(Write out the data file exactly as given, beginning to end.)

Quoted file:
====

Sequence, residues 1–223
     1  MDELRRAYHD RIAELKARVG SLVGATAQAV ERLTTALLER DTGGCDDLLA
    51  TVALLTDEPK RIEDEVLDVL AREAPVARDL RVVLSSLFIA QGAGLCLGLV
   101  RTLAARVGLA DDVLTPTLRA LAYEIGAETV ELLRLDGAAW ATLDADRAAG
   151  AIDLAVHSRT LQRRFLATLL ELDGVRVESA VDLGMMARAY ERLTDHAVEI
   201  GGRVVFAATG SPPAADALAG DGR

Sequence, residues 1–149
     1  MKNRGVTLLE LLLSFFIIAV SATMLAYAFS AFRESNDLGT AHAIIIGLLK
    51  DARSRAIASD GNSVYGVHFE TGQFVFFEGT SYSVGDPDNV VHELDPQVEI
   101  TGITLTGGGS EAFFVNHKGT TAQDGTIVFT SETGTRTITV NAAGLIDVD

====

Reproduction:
Sequence, residues 1–223
     1  MDELRRAYHD RIAELKARVG SLVGATAQAV ERLTTALLER DTGGCDDLLA
    51  TVALLTDEPK RIEDEVLDVL AREAPVARDL RVVLSSLFIA QGAGLCLGLV
   101  RTLAARVGLA DDVLTPTLRA LAYEIGAETV ELLRLDGAAW ATLDADRAAG
   151  AIDLAVHSRT LQRRFLATLL ELDGVRVESA VDLGMMARAY ERLTDHAVEI
   201  GGRVVFAATG SPPAADALAG DGR

Sequence, residues 1–149
     1  MKNRGVTLLE LLLSFFIIAV SATMLAYAFS AFRESNDLGT AHAIIIGLLK
    51  DARSRAIASD GNSVYGVHFE TGQFVFFEGT SYSVGDPDNV VHELDPQVEI
   101  TGITLTGGGS EAFFVNHKGT TAQDGTIVFT SETGTRTITV NAAGLIDVD